of LDPC-CCs, its structure results in fairly large decoding latency. In order to reduce the decoding latency, a sliding window decoder has been investigated in [10], which is a onesided variant of the window decoder introduced in [6] for a density evolution analysis. We compare the performance of such a suboptimal decoding scheme with LDPC-BCs under low latency over additive white Gaussian noise (AWGN) channel. For reference purpose, we also compare the two above mentioned codes with convolutional codes under Viterbi decoding [11]. The paper is organized as follows; Section II introduces the system model used throughout the paper to compare the codes on the basis of their decoding latency. Section III describes the considered codes together with their respective latency. Moreover, a simple yet effective stopping rule for the iterative process in LDPC-CCs is also introduced. A comparison in terms of performance and complexity is carried out for the codes under consideration in Section IV. Section V concludes the paper. II. S YSTEM M ODEL As shown in Fig. 1, we consider a digital transmission system to compare the latency introduced by different channel codes. The channel encoder maps an information block ut of k information bits to a codeword ct of length n with code of rate R = k/n. The coded bit stream is then mapped to xt ∈ {+1, −1} and transmitted over an AWGN channel. On the receiver side the noisy received word yt is passed to the channel decoder which removes the redundancy added ˆt of the by the channel encoder and produces the estimates u transmitted information bits ut . For a performance comparison of different codes the information bits and the estimates produced by the channel decoder are used to calculate the BER. Channel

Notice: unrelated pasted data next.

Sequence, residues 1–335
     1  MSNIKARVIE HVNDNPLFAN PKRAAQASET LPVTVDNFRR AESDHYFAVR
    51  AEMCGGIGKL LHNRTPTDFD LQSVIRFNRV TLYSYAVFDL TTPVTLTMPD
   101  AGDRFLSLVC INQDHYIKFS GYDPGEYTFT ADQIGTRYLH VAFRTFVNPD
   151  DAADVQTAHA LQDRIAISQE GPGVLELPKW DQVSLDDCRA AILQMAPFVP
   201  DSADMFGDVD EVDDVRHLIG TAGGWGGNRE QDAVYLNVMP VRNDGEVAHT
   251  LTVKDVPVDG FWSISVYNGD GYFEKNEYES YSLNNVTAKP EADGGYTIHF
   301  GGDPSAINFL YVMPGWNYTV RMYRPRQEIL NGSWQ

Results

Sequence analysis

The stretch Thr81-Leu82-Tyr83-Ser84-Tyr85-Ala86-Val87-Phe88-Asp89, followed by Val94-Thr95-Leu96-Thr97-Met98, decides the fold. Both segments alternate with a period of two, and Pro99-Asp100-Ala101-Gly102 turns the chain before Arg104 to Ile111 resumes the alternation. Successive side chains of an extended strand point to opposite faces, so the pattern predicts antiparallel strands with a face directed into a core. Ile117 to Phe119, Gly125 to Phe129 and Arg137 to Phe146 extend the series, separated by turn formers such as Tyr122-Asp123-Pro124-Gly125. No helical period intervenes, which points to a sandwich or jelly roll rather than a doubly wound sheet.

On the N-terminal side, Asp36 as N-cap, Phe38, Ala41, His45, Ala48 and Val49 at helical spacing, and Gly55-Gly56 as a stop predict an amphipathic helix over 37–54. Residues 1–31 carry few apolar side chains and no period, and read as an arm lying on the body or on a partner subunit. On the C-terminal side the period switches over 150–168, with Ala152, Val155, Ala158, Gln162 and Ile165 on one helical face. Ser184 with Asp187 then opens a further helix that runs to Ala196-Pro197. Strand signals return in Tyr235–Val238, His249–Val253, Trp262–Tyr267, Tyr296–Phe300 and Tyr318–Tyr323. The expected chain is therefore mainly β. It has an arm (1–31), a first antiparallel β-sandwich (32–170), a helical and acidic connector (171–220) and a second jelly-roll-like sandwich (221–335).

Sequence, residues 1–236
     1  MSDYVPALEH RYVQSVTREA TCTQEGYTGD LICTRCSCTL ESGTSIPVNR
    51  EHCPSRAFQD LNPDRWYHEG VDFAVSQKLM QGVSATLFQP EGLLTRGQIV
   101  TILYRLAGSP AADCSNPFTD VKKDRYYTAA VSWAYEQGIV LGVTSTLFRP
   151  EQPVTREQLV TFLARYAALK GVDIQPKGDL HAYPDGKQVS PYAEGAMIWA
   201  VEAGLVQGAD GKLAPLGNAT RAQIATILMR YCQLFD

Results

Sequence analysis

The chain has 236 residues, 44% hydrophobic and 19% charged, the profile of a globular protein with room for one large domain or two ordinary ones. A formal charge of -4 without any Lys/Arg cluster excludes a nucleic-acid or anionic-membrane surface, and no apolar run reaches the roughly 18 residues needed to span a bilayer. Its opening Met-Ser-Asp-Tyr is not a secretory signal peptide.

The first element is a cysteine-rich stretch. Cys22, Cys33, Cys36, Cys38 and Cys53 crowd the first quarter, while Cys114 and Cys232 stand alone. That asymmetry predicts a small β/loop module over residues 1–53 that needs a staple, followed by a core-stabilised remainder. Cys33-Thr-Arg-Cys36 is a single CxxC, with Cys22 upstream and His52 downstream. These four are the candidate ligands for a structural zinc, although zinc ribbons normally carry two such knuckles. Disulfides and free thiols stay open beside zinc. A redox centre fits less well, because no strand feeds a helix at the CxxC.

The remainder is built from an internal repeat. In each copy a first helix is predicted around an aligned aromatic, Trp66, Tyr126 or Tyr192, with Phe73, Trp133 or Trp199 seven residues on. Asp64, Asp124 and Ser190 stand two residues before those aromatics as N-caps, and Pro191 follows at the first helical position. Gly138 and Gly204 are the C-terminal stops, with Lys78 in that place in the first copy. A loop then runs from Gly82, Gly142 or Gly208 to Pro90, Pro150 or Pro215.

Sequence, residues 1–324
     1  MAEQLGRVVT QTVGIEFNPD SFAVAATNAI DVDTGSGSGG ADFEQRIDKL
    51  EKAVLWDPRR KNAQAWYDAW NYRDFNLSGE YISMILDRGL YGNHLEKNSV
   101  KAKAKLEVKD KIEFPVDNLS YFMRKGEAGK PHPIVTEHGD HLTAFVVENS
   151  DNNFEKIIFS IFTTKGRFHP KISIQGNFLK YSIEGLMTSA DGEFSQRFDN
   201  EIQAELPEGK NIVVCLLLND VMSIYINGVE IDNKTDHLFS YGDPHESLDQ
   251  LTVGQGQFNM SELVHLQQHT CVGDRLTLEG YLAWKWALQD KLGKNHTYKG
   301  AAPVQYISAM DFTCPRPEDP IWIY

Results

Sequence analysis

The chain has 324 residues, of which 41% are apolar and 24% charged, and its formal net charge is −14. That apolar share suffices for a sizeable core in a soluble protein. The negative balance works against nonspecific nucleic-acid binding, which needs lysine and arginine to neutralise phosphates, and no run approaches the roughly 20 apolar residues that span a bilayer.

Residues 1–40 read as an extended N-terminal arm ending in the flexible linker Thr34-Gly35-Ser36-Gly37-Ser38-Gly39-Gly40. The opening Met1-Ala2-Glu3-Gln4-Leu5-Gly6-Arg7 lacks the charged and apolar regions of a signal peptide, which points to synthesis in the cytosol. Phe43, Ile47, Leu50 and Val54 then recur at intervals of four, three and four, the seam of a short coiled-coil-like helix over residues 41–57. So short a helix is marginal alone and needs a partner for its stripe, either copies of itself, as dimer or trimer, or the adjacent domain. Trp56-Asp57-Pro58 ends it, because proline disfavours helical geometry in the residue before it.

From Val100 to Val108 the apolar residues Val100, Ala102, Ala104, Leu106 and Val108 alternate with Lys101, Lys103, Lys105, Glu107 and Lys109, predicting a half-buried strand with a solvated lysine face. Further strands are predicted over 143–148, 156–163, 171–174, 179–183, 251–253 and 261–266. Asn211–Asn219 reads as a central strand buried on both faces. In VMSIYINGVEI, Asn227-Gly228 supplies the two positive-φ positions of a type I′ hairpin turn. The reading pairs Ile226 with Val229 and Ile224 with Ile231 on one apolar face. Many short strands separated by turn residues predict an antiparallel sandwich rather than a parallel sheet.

ut Source

Channel Encoder

yt

xt

ct BPSK

+

noise

Fig. 1.

The system model

Channel Decoder

ˆt u BER

III. C ODES AND L ATENCY C ALCULATION A. Low-Density Parity-Check Block Codes A regular (J, K) LDPC-BC is characterized by a sparse parity-check matrix H, containing exactly J ones in each column and K ones in each row. Here we restrict ourselves to protograph based codes. A protograph is a rather small bipartite graph consisting of nc check nodes and nv variable nodes and is represented by its bi-adjacency matrix B, called base matrix. The matrix H of a particular code is obtained by using a copy-and-permute operation where each 1 in B is replaced by an N × N permutation matrix and each 0 by an N × N zero matrix. The resultant parity-check matrix consists of N nc check and N nv variable nodes. The permutation matrices can be generated using progressive edge growth (PEG) algorithm introduced in [12] such that short cycles are avoided, wherever possible. A regular LDPC-BC represented by a matrix H maps an input information word of length k = N (nv − nc ) to an output codeword of length n = N nv bits. Similarly, at the decoder side the entire frame needs to be received before belief propagation (BP) is applied. This causes a latency of N nv R information bits. So the structural decoding latency TB of a block code in terms of number of information bits is given as TB = N (nv − nc ).